By Vincent F. Hendricks
The major topic of this anthology is the original interplay among arithmetic, physics and philosophy in the course of the starting of the twentieth century. during this booklet, ten popular philosopher-historians probe insightfully into key conceptual questions of pre-quantum mathematical physics. the result's a various but thematically concentrated compilation of first-class papers on arithmetic, physics and philosophy, and a source-book at the interplay among them.
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Additional info for Interactions: Mathematics, physics and philosophy, 1860-1930
Thus actions must sum geometrically, and forces, which are the causes of the relative displacement of pairs, do so as well. This all assumes, however, that the frame of reference whose existence is postulated in the last step must exist. Furthermore, as I have already pointed out, it is not in general the case that the action of a point can always be decomposed into independent linear actions relative to the other points in the system. And these two demands, taken together, give a clear indication of what Kant wants, but cannot have.
But Helmholtz also appeals to logical determination in a second, “upward” sense: each concept must be determined, in that it should be seen as a specific case of a higher-order concept. The specific forces that causes changes in motion should be seen as positional determinations of a single force; furthermore, this single force should derive from a material point, and it should itself be a member of the family of “basic forces” that define the various kinds of matter. In my previous discussion, I have distinguished loosely between these two aspects of Helmholtz’s arguments by using the Kantian distinction between “regulative” and “constitutive” principles.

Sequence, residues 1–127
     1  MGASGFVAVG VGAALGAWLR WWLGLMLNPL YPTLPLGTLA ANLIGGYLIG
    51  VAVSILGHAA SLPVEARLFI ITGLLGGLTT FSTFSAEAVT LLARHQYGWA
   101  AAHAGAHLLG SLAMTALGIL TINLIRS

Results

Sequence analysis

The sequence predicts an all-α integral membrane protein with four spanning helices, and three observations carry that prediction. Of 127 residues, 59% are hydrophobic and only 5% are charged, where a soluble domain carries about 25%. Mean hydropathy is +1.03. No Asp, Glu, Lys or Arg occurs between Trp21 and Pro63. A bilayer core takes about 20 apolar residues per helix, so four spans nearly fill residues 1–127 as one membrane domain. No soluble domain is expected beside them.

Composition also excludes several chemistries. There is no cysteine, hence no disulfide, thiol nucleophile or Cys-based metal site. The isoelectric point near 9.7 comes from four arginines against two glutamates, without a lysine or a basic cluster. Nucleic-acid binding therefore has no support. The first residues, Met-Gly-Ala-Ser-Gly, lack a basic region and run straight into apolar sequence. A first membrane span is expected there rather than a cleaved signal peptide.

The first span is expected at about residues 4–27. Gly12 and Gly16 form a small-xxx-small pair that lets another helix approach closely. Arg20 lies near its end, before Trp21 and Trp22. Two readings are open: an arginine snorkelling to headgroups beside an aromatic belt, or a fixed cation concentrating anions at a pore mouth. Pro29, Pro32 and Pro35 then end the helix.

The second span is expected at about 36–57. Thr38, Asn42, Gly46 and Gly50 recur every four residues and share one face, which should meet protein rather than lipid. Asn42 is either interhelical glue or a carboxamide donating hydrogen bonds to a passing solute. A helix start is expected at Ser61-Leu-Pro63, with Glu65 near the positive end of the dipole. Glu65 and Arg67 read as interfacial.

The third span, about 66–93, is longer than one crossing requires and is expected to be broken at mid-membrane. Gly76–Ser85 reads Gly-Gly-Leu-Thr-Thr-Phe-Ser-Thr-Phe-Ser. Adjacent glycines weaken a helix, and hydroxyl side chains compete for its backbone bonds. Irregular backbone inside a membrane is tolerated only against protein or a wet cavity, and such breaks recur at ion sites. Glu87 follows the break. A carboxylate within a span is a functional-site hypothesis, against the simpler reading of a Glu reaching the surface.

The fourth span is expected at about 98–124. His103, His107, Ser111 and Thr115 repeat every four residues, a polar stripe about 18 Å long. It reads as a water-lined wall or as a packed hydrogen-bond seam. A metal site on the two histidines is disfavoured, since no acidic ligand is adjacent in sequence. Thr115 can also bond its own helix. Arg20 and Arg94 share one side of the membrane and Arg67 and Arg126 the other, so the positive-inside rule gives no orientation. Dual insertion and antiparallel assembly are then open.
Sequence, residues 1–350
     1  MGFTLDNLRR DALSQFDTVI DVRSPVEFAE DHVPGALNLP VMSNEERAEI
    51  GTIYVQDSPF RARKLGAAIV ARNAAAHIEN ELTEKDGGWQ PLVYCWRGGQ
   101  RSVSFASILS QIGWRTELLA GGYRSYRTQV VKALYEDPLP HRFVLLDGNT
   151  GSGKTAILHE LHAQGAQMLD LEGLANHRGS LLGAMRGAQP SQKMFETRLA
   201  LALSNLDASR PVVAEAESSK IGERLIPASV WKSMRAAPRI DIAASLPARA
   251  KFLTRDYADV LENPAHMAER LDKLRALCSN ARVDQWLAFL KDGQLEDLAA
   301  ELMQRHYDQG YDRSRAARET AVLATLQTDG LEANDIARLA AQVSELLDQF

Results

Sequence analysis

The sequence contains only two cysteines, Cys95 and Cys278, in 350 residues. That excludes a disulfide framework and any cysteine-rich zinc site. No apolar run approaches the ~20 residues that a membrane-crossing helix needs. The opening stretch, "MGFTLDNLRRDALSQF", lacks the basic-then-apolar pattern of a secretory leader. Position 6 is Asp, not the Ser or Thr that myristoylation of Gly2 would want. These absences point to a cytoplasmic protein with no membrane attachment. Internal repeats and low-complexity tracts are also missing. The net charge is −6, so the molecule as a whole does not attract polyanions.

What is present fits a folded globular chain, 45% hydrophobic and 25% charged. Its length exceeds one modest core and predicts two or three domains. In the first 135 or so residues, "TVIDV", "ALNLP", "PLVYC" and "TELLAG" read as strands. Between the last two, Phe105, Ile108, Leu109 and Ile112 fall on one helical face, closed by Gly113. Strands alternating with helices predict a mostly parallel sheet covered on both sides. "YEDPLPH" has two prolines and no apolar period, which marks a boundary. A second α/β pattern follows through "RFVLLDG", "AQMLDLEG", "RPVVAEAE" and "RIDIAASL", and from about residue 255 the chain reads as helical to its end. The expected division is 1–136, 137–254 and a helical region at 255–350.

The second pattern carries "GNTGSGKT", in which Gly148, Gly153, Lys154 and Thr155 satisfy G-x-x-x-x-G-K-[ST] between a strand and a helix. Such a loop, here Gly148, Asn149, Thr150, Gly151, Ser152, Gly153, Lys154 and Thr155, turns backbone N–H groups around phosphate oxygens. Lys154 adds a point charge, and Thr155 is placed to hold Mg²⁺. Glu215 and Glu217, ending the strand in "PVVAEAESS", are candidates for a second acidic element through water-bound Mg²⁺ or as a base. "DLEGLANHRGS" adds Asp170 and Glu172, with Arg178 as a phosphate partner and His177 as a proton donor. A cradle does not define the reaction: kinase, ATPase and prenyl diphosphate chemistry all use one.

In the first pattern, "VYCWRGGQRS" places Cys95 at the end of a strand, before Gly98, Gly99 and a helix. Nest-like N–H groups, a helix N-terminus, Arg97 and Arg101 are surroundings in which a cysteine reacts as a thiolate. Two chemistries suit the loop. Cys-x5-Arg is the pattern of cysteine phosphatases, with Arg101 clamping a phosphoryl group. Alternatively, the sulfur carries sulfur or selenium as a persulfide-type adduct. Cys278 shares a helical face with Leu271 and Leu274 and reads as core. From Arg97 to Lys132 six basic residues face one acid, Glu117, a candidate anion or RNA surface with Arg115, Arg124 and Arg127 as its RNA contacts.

But that sense of determination is not sufficient to do the work required by Helmholtz’s definitions: the magnitude they determine must be congruent with another magnitude determined by those points at a second point in time. And Helmholtz, in contrast to Kant, is quite aware that there is a problem lurking here—that congruence is not the “complete similarity and identity” of two spatial magnitudes, to repeat Kant’s definition from the Phoronomy, but that every claim concerning the congruence of two spatial magnitudes contains an implicit reference to motion.
Interactions: Mathematics, physics and philosophy, 1860-1930 by Vincent F. Hendricks